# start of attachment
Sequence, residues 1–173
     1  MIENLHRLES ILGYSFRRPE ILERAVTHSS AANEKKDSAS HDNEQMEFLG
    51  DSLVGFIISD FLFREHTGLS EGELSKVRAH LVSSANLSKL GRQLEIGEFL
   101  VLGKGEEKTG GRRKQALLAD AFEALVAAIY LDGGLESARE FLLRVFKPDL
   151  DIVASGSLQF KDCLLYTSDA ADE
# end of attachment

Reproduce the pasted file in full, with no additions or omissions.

Sequence, residues 1–173
     1  MIENLHRLES ILGYSFRRPE ILERAVTHSS AANEKKDSAS HDNEQMEFLG
    51  DSLVGFIISD FLFREHTGLS EGELSKVRAH LVSSANLSKL GRQLEIGEFL
   101  VLGKGEEKTG GRRKQALLAD AFEALVAAIY LDGGLESARE FLLRVFKPDL
   151  DIVASGSLQF KDCLLYTSDA ADE